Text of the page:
Accused in Balaquit slaying placed at scene, court told


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A former co-worker placed Kyle Pietz at the scene where prosecutors allege he robbed and killed Eduardo Balaquit one day later, a jury has heard.

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Hey there, time traveller!
This article was published 05/04/2022 (353 days ago), so information in it may no longer be current.

A former co-worker placed Kyle Pietz at the scene where prosecutors allege he robbed and killed Eduardo Balaquit one day later, a jury has heard.

Balaquit, 59, disappeared June 4, 2018, after leaving home for Westcon Equipment and Rentals on Keewatin Street, where he had a long-standing contract as a cleaner. His body has never been found.

Pietz, 36, is on trial for manslaughter.

Derek Barron testified he and Pietz had worked together in Westcon’s parts department for a couple of months before Pietz quit in the spring of 2018. Prosecutors allege Pietz stole $1,700 from a petty cash box that April and quit a month later.

Barron told jurors he was on-call Sunday, June 3, when he received a call on his work cellphone shortly after 7 a.m. from an unidentified man who said he needed a key for a grader.

Barron, who was out of town at his parents’ cottage, said the call dropped after 40 seconds, and he “definitely thought it was Kyle.”

Barron said he was driving back to the city later that evening when he received a second call from the same man.

“I said: ‘Hey, is this Kyle?’” Barron said. “The response was: ‘No, it’s not Kyle.’ He sounded a bit ticked off so I backpedalled.”

The man provided a company name and identified himself as Don and arranged to meet Barron at the office at 8:30 p.m. to pick up the grader key, Barron said.

No one came to pick up a grader key, but Pietz showed up at 9 p.m., Barron said.

“As soon as he walked in the door, I called him out on the spot,” Barron said. “He said: ‘No, I didn’t do that.’

When Barron asked Pietz why he was there, he claimed he had been delivering pizzas in the area and saw Barron’s car.

“He was inquiring about whether he had been replaced, whether they were hiring anybody,” Barron said.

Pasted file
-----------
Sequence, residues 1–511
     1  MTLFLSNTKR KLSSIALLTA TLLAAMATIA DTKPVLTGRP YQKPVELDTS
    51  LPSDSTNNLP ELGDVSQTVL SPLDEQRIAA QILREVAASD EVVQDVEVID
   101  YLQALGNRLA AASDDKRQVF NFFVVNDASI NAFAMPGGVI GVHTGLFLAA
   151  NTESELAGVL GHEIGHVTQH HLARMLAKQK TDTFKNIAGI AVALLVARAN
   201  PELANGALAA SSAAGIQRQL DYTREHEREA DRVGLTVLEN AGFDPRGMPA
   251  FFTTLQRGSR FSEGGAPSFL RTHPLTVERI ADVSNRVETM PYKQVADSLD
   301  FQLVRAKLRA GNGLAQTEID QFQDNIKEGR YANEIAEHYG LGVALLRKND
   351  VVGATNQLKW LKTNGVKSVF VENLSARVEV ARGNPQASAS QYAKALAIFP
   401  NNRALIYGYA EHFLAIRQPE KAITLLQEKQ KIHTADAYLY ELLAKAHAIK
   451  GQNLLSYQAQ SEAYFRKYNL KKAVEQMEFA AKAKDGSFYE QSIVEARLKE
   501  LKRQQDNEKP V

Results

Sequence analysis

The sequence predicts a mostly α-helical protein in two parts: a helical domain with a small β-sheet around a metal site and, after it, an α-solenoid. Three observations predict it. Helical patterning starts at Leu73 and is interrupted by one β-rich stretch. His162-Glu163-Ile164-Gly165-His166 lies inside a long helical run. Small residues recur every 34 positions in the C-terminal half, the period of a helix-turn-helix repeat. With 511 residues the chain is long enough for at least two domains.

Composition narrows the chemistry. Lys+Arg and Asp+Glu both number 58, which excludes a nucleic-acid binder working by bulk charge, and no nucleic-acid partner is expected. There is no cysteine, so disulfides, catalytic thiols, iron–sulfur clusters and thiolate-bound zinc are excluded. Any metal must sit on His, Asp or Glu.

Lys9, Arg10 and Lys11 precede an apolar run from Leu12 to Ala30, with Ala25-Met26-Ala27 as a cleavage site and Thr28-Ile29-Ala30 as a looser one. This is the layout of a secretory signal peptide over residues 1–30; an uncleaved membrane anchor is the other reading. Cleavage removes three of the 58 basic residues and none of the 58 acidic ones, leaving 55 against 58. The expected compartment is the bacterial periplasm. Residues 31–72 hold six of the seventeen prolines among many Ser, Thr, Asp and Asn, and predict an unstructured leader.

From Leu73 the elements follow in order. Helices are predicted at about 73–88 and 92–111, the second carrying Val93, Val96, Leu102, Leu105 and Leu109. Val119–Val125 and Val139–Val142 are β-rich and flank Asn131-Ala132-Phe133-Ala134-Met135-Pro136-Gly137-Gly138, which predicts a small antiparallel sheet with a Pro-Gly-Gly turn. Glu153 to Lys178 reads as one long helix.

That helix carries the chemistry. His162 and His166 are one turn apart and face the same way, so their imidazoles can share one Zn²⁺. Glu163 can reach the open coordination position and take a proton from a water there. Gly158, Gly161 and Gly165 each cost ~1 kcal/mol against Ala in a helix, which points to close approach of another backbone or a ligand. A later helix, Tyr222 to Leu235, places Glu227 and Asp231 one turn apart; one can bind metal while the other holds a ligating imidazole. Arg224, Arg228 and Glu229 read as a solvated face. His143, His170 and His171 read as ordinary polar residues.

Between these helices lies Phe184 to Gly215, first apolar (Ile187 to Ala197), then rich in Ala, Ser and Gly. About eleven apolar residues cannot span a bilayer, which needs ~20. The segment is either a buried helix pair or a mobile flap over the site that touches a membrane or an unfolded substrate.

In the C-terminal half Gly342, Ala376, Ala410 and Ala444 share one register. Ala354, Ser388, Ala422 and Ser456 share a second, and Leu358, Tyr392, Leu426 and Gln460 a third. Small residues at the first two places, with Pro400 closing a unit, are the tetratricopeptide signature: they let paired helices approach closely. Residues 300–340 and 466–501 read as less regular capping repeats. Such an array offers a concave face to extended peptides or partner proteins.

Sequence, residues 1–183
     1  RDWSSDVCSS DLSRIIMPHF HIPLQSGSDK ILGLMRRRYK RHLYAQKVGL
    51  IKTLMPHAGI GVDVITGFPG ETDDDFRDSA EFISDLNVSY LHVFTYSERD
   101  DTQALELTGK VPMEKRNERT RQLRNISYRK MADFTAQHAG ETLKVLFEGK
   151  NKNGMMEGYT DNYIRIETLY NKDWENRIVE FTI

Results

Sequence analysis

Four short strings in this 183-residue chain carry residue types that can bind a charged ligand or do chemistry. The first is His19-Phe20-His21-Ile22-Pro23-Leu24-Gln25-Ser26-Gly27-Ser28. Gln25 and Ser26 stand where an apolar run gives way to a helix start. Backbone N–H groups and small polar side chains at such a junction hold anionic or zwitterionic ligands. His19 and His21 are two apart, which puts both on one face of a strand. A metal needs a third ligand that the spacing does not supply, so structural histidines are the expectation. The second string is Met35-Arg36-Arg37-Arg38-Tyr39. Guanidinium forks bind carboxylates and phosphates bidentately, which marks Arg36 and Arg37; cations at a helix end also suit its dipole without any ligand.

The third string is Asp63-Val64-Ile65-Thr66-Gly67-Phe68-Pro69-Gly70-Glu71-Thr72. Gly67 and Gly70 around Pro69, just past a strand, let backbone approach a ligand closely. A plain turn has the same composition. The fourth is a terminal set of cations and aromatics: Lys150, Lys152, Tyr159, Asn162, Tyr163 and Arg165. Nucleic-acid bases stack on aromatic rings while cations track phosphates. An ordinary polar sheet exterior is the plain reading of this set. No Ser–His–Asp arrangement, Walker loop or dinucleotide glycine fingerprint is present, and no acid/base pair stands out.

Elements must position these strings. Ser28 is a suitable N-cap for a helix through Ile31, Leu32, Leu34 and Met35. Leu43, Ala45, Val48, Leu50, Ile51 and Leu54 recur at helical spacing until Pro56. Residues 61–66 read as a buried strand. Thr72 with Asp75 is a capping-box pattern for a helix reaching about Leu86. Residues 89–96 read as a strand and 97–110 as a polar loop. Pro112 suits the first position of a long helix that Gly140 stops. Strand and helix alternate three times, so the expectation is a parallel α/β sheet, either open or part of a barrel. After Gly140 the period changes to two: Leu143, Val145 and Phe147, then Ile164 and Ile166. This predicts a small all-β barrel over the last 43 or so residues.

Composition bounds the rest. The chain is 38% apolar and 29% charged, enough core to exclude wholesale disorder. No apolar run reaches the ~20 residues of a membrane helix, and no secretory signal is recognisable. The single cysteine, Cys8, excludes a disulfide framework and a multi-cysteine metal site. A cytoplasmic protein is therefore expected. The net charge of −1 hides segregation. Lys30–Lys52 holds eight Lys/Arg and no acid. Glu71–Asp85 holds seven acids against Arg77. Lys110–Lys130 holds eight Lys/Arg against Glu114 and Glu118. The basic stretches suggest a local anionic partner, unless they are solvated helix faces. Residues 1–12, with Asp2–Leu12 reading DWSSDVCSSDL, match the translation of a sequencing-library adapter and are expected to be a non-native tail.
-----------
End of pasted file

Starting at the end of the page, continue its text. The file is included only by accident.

Earlier, jurors heard testimony from Winnipeg Police Service Const. Christine Mazerolle who said she and her partner were on their way to Westcon Equipment the morning of June 5 when they were alerted that Balaquit’s 2012 Dodge Caravan had been found in the parking lot of a neighbouring business on Keewatin Street.

Mazerolle said the window of the passenger-side door had been smashed out and several items were strewn on the ground, including a metal pipe, cellphone charger, and safety glasses.

An officer with the forensic identification unit said fingerprint impressions were taken from the van and inside Westcon, but jurors were not told if they belonged to Pietz.

The trial was delayed Tuesday morning after it was revealed a juror had tested positive overnight for COVID-19.

The proceedings began again after a break, during which the 13 remaining jurors took rapid tests and all were negative.

“There is no public-health order in place that requires a juror to self-isolate, but nevertheless I directed that (the) juror not attend this morning,” Queen’s Bench Justice Sadie Bond told the other jurors.

“Current public-health advice does not recommend self-isolation for those who have been in close contact with an individual who has tested positive,” and instead recommends they “self-monitor” their symptoms for 14 days, Bond said.

Jurors remain masked in court and are seated apart from each other. Bond asked jurors who may be at greater risk of developing COVID-19 to put their concerns in writing.

An alternate juror was selected for duty Monday after the juror had tested positive for the virus.

Dean Pritchard

Dean Pritchard
Courts reporter

Someone once said a journalist is just a reporter in a good suit. Dean Pritchard doesn’t own a good suit. But he knows a good lawsuit.


Updated on Tuesday, April 5, 2022 11:44 AM CDT: Adds byline

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